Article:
The good news is that all the weather forecasters were wrong. With the top minds around the world and all their technology all telling us to brace for the worst storm season yet, it’s a Blessing to know just how wrong they can be.
The bad news comes from what the forecasters did not predict, the driest spring in more than 50 years. Many of you who are “year-rounders” know just how dry it was. South Florida Water Management (SFWM) enforced their 2 day per week water restrictions and because the demand for water was so high during the allowed watering hours, it greatly reduced our water pressure. In many cases there was not enough pressure to pop up a sprinkler. In the drought, we watched as many of the lawns in Southwest Florida simply perished. The rains that we normally would have received in May did not make it here until mid June. By that time the temperatures were reaching 95 degrees. Needless our irrigation of 2 days per week and low water pressure was barley sufficient to keep a cactus alive let alone our thirsty lawns, in many places they just did not stand a chance.
The Ugly is the result of the drought. Where the St. Augustine lawns died and declined, weeds, Bermuda and Carpet Grass took over. Most turf weeds such as Mimosa and Spurge are much more drought tolerant than St. Augustine and therefore naturally started to fill some of the bare areas. With so many golf course communities we also saw our share of Bermuda grass take hold where it could. Bermuda seed is “ever present” when you live near a golf course. Simply mowing the golf course grass is enough to send Bermuda seeds flying for miles. Let us not forget one of our least favorites, Carpet Grass. Carpet Grass can be found in golf course preserve areas, along our highways and in almost any open field. Any strong wind will deposit seeds in our turf. During the summer months Carpet Grass spreads like wild fire. It will out grow St. Augustine grass 3 to 1 and will tolerate drought conditions where you could never get St. Augustine to grow. Carpet Grass however, will not tolerate frost or near frost conditions. Soon we will see large brown patches where Carpet Grass exist. The top foliage will die while the roots stay alive. It may seem like we are making progress until the onset of spring when the remaining roots send out new sprigs of Carpet Grass.
Another method that is effective in helping to solve this dilemma is reducing the amount of irrigation water used. This is most effective in shady areas or areas of poor drainage and will also force the turf to sink their roots deeper into the soil. Reducing the amount of water will also create a healthier turf that will have more access to nutrients that are beyond the reach of shallow roots. A deeper root system will also help the turf to resist fungus and disease and become more drought tolerant while reducing your water bill. We encourage most communities that we work with to accept a watering schedule of two days per week for turf areas during the winter months. Broadleaf weeds will still be able to grow in these conditions but will be much less aggressive. Another way to reduce the amount of Dollar Weed is to increase the amount of direct sunlight; this can be done with proper and regular tree trimming in some areas and reducing large hedges and plantings that cast shadows causing shaded areas.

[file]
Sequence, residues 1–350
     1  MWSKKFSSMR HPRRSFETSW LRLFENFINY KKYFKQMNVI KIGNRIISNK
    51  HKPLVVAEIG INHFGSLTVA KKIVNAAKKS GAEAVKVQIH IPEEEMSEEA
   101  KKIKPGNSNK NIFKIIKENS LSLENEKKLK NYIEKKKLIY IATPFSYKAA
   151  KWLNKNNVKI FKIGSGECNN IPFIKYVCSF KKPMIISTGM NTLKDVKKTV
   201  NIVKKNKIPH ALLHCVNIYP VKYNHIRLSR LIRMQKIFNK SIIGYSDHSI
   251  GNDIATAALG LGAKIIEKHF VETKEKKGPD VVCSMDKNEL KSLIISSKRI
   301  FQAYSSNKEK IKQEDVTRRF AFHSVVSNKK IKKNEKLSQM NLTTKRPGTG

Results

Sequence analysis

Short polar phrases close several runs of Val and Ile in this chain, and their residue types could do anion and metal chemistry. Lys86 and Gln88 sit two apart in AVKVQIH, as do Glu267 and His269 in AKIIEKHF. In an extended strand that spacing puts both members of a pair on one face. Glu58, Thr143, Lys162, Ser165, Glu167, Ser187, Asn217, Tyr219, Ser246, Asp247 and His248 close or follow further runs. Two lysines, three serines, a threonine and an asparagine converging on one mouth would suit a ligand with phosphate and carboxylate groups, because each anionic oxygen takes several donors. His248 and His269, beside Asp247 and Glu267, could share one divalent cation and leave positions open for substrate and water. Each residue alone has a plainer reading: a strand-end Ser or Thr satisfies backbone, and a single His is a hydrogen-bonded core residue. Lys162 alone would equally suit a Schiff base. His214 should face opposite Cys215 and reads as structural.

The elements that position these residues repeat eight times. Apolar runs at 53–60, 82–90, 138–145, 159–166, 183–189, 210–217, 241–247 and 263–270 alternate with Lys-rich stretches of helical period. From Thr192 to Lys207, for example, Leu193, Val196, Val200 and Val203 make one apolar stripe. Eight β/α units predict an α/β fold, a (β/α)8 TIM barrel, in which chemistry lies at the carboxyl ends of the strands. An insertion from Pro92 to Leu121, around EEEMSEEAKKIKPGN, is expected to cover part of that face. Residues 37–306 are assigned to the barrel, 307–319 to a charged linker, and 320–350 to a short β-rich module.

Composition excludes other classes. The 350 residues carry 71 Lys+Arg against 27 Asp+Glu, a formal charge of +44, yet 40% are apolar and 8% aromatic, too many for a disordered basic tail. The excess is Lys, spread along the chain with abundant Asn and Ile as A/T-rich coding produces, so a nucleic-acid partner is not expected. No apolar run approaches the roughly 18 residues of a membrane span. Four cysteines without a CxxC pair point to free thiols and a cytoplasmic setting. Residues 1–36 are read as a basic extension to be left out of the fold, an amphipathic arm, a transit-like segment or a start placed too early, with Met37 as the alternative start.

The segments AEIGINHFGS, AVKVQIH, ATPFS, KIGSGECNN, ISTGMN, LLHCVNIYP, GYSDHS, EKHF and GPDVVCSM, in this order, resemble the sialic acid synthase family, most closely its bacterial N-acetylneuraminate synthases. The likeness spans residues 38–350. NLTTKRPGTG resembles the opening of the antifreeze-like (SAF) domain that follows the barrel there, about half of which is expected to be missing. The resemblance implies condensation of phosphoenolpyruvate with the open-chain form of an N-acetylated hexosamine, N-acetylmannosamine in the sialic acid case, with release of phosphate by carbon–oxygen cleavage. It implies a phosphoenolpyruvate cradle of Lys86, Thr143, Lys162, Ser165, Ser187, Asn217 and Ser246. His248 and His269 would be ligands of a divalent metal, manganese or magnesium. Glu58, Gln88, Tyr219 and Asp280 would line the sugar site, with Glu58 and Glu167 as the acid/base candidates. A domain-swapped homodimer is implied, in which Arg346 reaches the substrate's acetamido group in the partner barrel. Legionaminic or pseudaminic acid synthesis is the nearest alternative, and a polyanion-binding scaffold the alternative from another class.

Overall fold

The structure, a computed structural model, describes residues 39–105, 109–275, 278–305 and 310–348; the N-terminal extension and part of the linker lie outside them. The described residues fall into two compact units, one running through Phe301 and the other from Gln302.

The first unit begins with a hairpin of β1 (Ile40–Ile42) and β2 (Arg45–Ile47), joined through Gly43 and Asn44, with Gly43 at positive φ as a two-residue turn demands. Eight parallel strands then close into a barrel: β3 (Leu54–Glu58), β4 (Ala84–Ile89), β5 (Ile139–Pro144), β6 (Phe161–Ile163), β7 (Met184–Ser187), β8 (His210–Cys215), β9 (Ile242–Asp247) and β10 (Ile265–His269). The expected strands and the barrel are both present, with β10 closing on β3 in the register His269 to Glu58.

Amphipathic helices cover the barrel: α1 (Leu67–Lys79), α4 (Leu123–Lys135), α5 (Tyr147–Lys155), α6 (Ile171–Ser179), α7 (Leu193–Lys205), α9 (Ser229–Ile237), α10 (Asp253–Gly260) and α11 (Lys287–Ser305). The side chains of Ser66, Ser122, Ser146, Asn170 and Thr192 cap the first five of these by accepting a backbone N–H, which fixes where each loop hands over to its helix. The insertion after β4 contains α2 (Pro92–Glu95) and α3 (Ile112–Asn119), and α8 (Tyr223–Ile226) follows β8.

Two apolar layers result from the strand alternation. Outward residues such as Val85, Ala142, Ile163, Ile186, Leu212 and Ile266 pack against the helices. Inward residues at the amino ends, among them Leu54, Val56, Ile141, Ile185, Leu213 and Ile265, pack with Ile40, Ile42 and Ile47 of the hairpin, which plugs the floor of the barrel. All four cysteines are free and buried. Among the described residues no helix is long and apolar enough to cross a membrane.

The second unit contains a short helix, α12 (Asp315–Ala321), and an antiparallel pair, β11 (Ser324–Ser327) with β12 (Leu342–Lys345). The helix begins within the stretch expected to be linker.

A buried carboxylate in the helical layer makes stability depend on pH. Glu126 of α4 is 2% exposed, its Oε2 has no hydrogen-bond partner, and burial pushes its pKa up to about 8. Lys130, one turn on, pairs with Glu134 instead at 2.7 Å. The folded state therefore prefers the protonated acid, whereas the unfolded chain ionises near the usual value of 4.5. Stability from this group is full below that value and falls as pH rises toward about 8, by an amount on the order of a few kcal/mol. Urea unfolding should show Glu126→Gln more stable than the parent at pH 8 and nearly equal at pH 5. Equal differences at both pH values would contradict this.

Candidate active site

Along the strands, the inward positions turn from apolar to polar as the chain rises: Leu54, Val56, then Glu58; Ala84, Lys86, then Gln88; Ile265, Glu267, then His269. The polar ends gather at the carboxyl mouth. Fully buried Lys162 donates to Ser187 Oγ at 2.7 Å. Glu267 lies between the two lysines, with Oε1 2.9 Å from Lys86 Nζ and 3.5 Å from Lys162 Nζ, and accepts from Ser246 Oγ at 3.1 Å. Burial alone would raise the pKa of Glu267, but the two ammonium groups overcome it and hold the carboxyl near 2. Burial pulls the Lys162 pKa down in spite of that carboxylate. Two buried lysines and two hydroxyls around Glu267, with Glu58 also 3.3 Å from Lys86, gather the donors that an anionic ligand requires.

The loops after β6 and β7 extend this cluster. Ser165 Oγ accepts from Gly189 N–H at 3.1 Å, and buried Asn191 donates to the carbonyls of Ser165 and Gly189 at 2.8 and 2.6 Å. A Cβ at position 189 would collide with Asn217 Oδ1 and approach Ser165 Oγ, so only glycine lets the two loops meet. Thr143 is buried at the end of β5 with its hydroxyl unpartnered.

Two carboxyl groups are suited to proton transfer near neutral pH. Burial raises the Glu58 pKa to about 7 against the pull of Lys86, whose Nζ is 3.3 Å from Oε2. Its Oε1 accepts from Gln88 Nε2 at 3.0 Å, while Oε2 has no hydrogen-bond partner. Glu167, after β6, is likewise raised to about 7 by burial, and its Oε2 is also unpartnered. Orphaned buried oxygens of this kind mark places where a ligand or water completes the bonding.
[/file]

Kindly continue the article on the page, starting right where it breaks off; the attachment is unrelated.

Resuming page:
There are no chemicals available to kill either Bermuda or Carpet Grass with out killing the surrounding St. Augustine. The normal treatment is done with good ole Round up. This insures that the roots will die along with the top growth then re-sod. There are preventative chemicals available to keep Carpet Grass seeds from germinating.
Unfortunately these chemicals are only marginally effective at best and are also extremely expensive. It is for these reasons that Greenscapes can not include the elimination of Bermuda or Carpet Grass in our maintenance contracts.
It is a struggle to keep our lawns looking their best and the weather played a major role in causing these conditions but, lets agree that it’s better than a busy hurricane season.